Excel 2010: The Missing Manual

Author: Matthew MacDonald
Publisher: Pogue Press, 2010
Pages: 896
ISBN: 978-1449382353
Aimed at: All users of Excel
Rating: 5
Pros: Comprehensive, well-written, lots of gemd
Cons: Goes too far/too deep for casual users
Reviewed by: Janet Swift

Janet Swift picks her recommendation for the best book on Excel 2010


Author: Matthew MacDonald
Publisher: Pogue Press, 2010
Pages: 896
ISBN: 978-1449382353
Aimed at: All users of Excel
Rating: 5
Pros: Comprehensive, well-written, lots of gems
Cons: Goes too far/too deer for casual users
Reviewed by: Janet Swift

Although I'm a long-time Excel user, having kept up with all the innovations from Version 3 to Excel 2003, I never did move to 2007 so Excel 2010 came as a culture shock.

I do like Matthew MacDonald's reference early in this tome to the "now-infamous ribbon" which suggests that he shares my personal view that the ribbon interface isn't at all helpful. One gem for ribbon haters and menu die-hards that he also provides in the introduction is that pressing the Alt key provides a way to use key press navigation and command selection. Another plus point and the book hasn't really started yet. 




The introduction also devotes just over a page to the most important of Excel 2010's new features and then goes on to outline the structure of the book. I agree pretty much wholeheartedly with this structure and also like the fact that the index means it is possible to locate almost anything you want to find. I've had to include the almost as there was something I've not been able to find in this book - the final bullet point on the back jacket proclaims "Rescue lost data - restore old versions of data and find spreadsheets you forgot to save". That sounds worth knowing about but unless it's an overly-hyped claim for AutoRecover I've not found any such information in this tome.

This Missing Manual has eight parts and the first, Worksheet Basics is one of the longest. It starts with Creating your First Spreadsheet - entering data in a blank worksheet, a bit of navigating around, a rather cursory tour of the Excel window and a good deal, possibly too much for the beginner on saving and opening files - but then this book isn't just for the beginner and it is a logical place for the information. Chapter 2 looks at entering data of different types - text, numbers and dates and time - and has a useful section on Handy Timesavers including AutoComplete, AutoCorrect, AutoFill and AutoFit. Chapter 3 covers Moving Data, Chapter 4 is on Managing Worksheets, hen comes two chapters on Formatting and this part concludes with Viewing and Printing Worksheets.


Part 2 opens with Building Basic Formulas. This is both a fundamental and comprehensive look and well worth reading from start to finish. The rest of this part is divided into five chapters: Math and Statistical Functions; Financial Functions; Manipulating Dates, Times and Text; Lookup, Reference and Information Functions; and Advanced Formula Writing and Troubleshooting, which is where you will find IF() and named ranges.

There are three chapters in Part 3, Organizing Worksheets and while each of them is useful they don't really fit together particularly well. Chapter 14 Tables: List Management Made Easy is where you will find sorting and filtering. Chapter 15 on Group and Outlining Data follows on with table topics but Chapter 16 deals with Templates, a distinctly different topic.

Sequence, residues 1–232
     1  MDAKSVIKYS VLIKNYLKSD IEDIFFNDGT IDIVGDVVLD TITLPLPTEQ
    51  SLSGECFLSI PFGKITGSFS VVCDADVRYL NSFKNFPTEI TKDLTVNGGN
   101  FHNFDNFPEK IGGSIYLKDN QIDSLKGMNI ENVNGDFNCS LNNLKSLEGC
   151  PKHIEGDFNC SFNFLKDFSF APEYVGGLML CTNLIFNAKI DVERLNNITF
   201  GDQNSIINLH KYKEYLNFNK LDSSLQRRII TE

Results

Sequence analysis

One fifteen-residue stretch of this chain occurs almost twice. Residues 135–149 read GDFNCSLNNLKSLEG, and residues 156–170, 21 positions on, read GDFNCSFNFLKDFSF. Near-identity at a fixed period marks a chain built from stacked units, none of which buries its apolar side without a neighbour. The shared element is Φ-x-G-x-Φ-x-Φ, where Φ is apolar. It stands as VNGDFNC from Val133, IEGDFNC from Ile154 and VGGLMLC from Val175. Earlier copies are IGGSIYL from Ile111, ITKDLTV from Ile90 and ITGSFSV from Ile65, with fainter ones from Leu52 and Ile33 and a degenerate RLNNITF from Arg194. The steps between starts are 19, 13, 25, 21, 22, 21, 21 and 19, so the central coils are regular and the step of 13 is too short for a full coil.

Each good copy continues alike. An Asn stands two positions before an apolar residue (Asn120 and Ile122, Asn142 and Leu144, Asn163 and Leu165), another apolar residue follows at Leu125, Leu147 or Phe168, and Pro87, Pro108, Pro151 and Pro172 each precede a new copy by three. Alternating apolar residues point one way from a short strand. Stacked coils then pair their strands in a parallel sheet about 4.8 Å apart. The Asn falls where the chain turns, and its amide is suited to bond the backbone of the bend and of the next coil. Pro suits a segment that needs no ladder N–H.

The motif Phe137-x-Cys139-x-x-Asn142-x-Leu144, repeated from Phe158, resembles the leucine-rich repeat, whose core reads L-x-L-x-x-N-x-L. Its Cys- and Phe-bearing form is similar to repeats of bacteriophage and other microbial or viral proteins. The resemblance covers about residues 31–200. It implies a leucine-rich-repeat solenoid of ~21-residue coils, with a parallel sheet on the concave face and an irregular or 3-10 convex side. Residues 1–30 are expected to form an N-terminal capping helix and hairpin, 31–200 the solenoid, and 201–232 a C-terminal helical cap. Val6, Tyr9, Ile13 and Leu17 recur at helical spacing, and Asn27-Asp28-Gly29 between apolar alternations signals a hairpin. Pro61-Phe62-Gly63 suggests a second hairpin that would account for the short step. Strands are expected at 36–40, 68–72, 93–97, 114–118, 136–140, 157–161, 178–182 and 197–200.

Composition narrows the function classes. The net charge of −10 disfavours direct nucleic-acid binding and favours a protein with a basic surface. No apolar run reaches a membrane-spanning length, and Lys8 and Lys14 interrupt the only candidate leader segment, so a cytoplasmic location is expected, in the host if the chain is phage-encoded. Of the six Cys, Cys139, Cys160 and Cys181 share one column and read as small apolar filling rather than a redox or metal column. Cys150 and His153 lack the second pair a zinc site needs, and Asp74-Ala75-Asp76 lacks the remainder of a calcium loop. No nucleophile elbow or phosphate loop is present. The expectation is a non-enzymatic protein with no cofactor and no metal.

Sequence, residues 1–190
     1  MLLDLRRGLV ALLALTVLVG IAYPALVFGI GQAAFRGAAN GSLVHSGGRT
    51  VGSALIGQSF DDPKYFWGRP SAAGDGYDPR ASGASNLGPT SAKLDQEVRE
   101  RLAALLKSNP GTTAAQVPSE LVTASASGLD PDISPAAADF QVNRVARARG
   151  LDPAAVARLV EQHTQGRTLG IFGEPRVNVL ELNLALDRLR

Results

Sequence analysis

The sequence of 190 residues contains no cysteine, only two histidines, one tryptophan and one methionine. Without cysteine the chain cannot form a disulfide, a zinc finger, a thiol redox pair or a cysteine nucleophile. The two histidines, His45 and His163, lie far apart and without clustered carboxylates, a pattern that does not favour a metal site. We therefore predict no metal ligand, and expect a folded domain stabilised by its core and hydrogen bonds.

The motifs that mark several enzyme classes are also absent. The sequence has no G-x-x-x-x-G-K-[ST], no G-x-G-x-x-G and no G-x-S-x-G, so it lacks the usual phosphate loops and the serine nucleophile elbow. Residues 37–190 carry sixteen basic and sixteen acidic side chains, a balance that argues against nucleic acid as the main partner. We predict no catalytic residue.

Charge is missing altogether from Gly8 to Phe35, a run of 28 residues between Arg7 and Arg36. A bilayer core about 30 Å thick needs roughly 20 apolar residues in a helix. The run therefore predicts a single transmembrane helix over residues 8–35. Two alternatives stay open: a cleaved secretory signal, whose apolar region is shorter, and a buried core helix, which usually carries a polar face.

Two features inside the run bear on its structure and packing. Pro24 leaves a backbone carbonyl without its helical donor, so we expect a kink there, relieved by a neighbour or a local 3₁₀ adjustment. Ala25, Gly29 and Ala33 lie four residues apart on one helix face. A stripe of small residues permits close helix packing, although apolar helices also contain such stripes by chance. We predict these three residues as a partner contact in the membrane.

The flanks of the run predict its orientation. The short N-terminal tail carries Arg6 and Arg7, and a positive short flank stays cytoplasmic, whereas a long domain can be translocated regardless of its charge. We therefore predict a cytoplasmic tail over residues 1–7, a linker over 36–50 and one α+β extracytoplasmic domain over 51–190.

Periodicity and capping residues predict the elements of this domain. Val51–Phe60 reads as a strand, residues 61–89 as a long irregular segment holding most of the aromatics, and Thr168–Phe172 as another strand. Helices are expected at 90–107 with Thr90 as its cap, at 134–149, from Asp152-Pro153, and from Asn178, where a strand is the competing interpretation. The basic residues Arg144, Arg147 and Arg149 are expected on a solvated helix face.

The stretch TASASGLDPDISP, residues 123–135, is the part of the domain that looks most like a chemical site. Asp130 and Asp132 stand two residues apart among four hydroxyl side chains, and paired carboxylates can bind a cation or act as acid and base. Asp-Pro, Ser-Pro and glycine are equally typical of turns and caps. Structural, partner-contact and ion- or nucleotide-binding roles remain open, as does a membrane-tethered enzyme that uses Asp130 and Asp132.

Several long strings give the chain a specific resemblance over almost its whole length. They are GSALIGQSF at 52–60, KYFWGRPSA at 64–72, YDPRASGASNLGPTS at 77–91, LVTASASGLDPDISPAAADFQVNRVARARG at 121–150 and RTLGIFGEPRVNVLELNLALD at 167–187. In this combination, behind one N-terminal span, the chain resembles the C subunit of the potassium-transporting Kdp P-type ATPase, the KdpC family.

Part 4 is on Charts and Graphics and after two chapters that look at the basics and the move advanced aspects of charting there's one on adding pictures, clip art, shapes and SmartArt to worksheets. The next chapter, Visualizing Your Data, which is where we find information on Sparklines, the new in-cell graphs introduced in Excel 2010, would fit here pretty well but instead it has been allocated to Part 5 Advanced Data Analysis. The other topics here are Scenarios and Goal Seeking; Pivot Tables; and Analyzing Databases, XML, and Web Pages.

Part 6, Sharing Data with the Rest of the World is a useful section for those who want to work on spreadsheets with other people. Its first two chapters are Protecting your Workbooks, which also covers data validation and Worksheet Collaboration, which covers comments and tracking changes. Then comes Using Excel on the Web where the new Web App is covered. Having pointed out the  limitation introduced by the need for a SharePoint server the problem is solved by using Windows Live SkyDrive. Finally there is Exchanging Data with other people.

Part 7 is on Programming Excel with just two chapters on macros - one using the Macro recorder, the other writing them in VBA. The book rounds out with Part 8 - a bit excessive as it comprised just Appendix A: Customizing the Ribbon which explains how to add favorites to the QAT - Quick Access Toolbar, something many Excel aficionados will want to do early in their acquaintance with Excel 2010.

Since Excel 2010 came out there has been a flood of books on the topic. This is the best one I've read yet for serious Excel users - those who want more than just an introduction for the complete novice.If you are in this category it's a worthy addition to the bookshelf.


Adventures of a Computational Explorer

Author: Stephen Wolfram
Publisher: Wolfram Media
Pages: 432
ISBN: 978-1579550264
Kindle: B07Z6BYVSC
Audience: Fans of  Stephen Wolfram
Rating:  3
Reviewer: Alex Armstrong
A personal account of being a computer geek?

High Performance SQL Server, 2nd Ed (Apress)

Author: Benjamin Nevarez
Publisher: Apress
Pages: 420
ISBN: 978-1484264904
Print: 1484264908
Kindle: B08TQR3NMF
Audience: SQL Server DBAs and Devs
Rating: 4.5
Reviewer: Ian Stirk

This book aims to improve the performance of your SQL Server, how does it fare?

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Last Updated ( Sunday, 16 January 2011 )